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October 15, 2012 2:00 pm
The dominance of Glencore and Trafigura in metals trading is being challenged for the first time in a decade, as new entrants race to become the third-largest dealer in copper, aluminium and zinc.
Executives at Mercuria, a privately owned oil trader based in Geneva, and CWT, a Singapore-listed logistics company, told the Financial Times they were targeting the number three spot in metals. They also revealed plans to acquire assets – such as stakes in mines, warehouses and smelters – to complement their assault into metals.
Glencore and Trafigura have enjoyed a near duopoly since the 2001 collapse of Enron, which controlled leading metals trader MG.
The wave of interest in metals trading will be a key topic of discussion at LME Week, the annual gathering of the metals industry in London this week.
The challenge from Mercuria and CWT – as well as others expanding in metals such as Hong Kong-based Noble Group, Geneva-based Gunvor and US-based Freepoint Commodities – is still in its early stages, but their executives said they saw a big opportunity in the market in spite of a demand slowdown due to weaker economic growth in China.
“We are aiming for a top three position in concentrates [unrefined metal ores] and refined metals,” said Mark Lowe, head of commodity trading at CWT. “We want to be a significant and diversified natural-resources trading company.” Ben Green, managing partner at Mercuria, added: “I would look for us to be on the top three speed dials of every bank in the market.”
Meanwhile Noble, already a significant aluminium trader, aims to triple its copper trading to 400,000-500,000 tonnes a year in the next two years, according to Mark Hansen, its head of metals.
Glencore and Trafigura dominate the metals market, with a combined market share of 41 per cent of the volume of refined metal and 65 per cent of the unrefined concentrates that are traded internationally and not tied up in long-term contracts between producers and consumers, according to data compiled by the Financial Times based on company reports. Glencore could further boost its market share through its merger with miner Xstrata.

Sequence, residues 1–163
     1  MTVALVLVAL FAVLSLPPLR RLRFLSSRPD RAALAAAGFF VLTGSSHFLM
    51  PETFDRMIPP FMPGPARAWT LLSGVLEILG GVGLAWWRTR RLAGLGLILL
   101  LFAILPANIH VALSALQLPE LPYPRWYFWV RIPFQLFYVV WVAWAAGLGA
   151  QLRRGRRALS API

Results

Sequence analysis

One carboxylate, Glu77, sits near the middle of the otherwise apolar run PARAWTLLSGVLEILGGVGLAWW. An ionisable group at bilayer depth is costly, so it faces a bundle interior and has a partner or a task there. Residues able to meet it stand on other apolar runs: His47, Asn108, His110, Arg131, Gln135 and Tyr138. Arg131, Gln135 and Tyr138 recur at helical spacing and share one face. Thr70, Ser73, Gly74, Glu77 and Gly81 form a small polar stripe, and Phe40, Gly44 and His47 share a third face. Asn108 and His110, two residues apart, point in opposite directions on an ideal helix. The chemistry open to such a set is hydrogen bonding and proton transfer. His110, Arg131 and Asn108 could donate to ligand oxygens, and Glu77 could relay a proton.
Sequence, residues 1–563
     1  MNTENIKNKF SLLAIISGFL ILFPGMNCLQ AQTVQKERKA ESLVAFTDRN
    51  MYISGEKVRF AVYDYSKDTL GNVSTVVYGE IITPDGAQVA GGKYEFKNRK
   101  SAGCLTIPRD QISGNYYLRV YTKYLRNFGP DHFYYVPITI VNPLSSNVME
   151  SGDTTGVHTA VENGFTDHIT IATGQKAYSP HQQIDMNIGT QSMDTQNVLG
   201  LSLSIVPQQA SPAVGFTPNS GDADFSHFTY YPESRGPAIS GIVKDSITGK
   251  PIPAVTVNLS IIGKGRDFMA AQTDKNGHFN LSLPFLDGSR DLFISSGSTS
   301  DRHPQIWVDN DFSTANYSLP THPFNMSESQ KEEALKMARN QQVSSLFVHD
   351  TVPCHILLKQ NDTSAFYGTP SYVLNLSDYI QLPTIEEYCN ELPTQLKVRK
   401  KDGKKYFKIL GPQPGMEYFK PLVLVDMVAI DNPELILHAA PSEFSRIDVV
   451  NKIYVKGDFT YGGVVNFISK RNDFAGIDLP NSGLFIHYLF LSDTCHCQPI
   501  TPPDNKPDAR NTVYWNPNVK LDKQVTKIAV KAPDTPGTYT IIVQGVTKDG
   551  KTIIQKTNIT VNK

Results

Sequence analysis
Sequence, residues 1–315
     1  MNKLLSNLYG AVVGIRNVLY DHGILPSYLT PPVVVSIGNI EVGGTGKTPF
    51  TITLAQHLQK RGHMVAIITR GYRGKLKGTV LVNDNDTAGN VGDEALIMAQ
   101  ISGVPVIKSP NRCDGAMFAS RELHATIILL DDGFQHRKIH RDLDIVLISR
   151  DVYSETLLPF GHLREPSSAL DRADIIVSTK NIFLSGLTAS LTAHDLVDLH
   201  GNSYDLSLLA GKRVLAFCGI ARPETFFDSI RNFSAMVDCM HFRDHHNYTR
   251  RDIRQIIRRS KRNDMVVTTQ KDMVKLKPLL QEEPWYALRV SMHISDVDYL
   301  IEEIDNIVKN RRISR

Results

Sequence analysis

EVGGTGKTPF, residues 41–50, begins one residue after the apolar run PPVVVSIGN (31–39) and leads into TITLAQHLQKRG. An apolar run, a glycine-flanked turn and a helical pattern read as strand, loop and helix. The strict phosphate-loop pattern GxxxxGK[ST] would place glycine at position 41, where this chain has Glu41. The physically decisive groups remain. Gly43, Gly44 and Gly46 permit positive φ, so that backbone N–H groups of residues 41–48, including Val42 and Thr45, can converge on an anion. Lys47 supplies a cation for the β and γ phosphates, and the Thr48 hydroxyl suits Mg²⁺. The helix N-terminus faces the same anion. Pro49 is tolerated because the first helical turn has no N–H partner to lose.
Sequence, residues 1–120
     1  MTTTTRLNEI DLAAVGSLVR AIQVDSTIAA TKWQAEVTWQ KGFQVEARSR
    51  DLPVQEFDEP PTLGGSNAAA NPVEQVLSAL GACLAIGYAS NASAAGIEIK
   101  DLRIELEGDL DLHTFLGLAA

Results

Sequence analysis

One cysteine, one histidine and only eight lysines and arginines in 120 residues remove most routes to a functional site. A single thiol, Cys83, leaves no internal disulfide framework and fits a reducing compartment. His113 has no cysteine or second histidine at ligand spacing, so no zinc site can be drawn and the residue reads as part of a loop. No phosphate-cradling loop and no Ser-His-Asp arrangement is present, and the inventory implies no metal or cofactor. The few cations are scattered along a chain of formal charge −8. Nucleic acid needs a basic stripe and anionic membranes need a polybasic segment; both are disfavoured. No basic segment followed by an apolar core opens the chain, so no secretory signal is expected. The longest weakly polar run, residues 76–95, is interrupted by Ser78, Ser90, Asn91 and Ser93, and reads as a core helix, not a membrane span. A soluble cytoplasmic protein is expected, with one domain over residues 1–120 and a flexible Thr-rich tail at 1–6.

Mercuria has hired about 20 traders in London and Shanghai this year, and has only recently begun to trade metals. CWT has spent about $100m in the past 18 months buying two small trading houses.
Mercuria and CWT are planning to invest in mines and infrastructure, encroaching on territory traditionally dominated by Glencore and Trafigura, along with investment banks such as Goldman Sachs and JPMorgan.
Daniel Jaeggi, co-founder of Mercuria, said: “As far as the appetite to get into assets is concerned – the answer is yes it’s there.” The trader is particularly interested in investing in midstream assets such as warehouses, he said. Mr Lowe added that CWT had “a shortlist” of assets it was looking at.
The new entrants hope to benefit from tighter credit markets, as some small miners and metal users find it almost impossible to finance themselves. “In today’s world, when credit is not so easy to come by, trading houses are de rigueur again,” said Mr Lowe. “They have a function to provide liquidity, and to provide funding which is perhaps not available from traditional sources.”
The wave of investment from trading houses comes as banks’ activities in commodity markets are increasingly being restricted by tighter regulation of proprietary trading and higher capital requirements. Senior metals traders at Goldman Sachs, Barclays, JPMorgan and Société Générale have been poached by trading houses this year.
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